Austin in the 70's was a place of new ideas: women's rights, anti-war demonstrations, environmental issues, vegetarians and health foods, street vendors and hippies. I never quite went so far as to become a real hippie (just couldn't get into that free love and drugs stuff) but I certainly sympathized with many of their issues, and it wasn't long before the dresses and stockings were discarded in favor of jeans, sandals, peasant blouses and wild curly hair.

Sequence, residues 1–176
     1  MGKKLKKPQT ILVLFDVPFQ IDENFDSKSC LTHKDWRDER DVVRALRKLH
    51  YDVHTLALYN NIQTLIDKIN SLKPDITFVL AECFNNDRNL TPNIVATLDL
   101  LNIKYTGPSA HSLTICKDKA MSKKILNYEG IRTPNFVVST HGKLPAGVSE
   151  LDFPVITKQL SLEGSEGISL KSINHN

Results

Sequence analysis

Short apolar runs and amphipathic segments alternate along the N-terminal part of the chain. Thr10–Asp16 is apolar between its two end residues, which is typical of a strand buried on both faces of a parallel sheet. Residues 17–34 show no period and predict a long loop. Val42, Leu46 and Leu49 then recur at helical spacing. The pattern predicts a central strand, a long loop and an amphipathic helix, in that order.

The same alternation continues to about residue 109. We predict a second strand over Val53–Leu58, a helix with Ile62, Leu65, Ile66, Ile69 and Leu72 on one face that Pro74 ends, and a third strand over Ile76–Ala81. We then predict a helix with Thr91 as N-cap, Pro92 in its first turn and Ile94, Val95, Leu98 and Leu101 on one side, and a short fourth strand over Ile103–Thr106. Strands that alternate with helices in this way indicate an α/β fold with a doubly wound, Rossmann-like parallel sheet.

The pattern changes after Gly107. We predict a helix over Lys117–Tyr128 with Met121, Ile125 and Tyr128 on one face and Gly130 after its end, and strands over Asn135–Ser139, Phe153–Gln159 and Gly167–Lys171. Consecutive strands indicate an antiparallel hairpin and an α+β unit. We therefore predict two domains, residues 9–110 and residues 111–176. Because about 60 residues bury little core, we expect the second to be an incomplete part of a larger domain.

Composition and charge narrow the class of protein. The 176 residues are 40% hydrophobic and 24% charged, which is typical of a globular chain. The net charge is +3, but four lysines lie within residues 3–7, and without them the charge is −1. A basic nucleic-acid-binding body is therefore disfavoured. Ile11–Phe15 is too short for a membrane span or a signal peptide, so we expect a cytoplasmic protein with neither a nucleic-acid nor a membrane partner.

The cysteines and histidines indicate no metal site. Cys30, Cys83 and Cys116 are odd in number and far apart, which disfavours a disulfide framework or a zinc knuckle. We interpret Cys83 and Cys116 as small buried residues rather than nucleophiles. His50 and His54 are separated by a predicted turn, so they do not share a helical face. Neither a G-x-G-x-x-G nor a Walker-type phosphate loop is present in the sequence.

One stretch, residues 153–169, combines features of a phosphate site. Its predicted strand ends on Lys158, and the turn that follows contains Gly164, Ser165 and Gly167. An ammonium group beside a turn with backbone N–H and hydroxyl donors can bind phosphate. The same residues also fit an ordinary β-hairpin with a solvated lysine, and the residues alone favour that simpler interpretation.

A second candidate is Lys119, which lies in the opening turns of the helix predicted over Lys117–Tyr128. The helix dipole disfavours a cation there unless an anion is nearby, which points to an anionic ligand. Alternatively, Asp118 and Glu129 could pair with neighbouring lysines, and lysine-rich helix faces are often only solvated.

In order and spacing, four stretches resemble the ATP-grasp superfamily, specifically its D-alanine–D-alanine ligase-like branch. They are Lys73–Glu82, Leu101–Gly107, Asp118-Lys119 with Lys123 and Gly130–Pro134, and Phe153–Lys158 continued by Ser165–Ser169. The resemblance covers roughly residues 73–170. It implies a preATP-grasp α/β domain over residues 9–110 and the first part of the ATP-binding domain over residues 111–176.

Career plans got sidetracked when I fell in love with an engineering student who happened to be a waiter in my dorm. We married the minute I graduated, and began the nomadic life of oil company employees. As we moved from Indonesia to Bahrain, we talked about someday finding jobs in the Austin area and moving back. When we lived in Houston, then in west Texas, we took frequent weekend trips to the hill country with our two children. We went rafting and "toobing", and explored the many small towns in the area, to see which were our favorites. When we moved back overseas, we talked about buying a little cottage in the hill country, to use as our home base during our lengthy home visits each summer. We somehow never got around to it, but I never gave up on the idea. Meanwhile, I became obsessed with reading books about people who were actually living "the good life" - people like Helen and Scott Nearing in Vermont, Eliot Colemon and Barbara Damrosch in Maine, Frances Mayes in Tuscany and Peter Mayle in Provence. And I kept dreaming.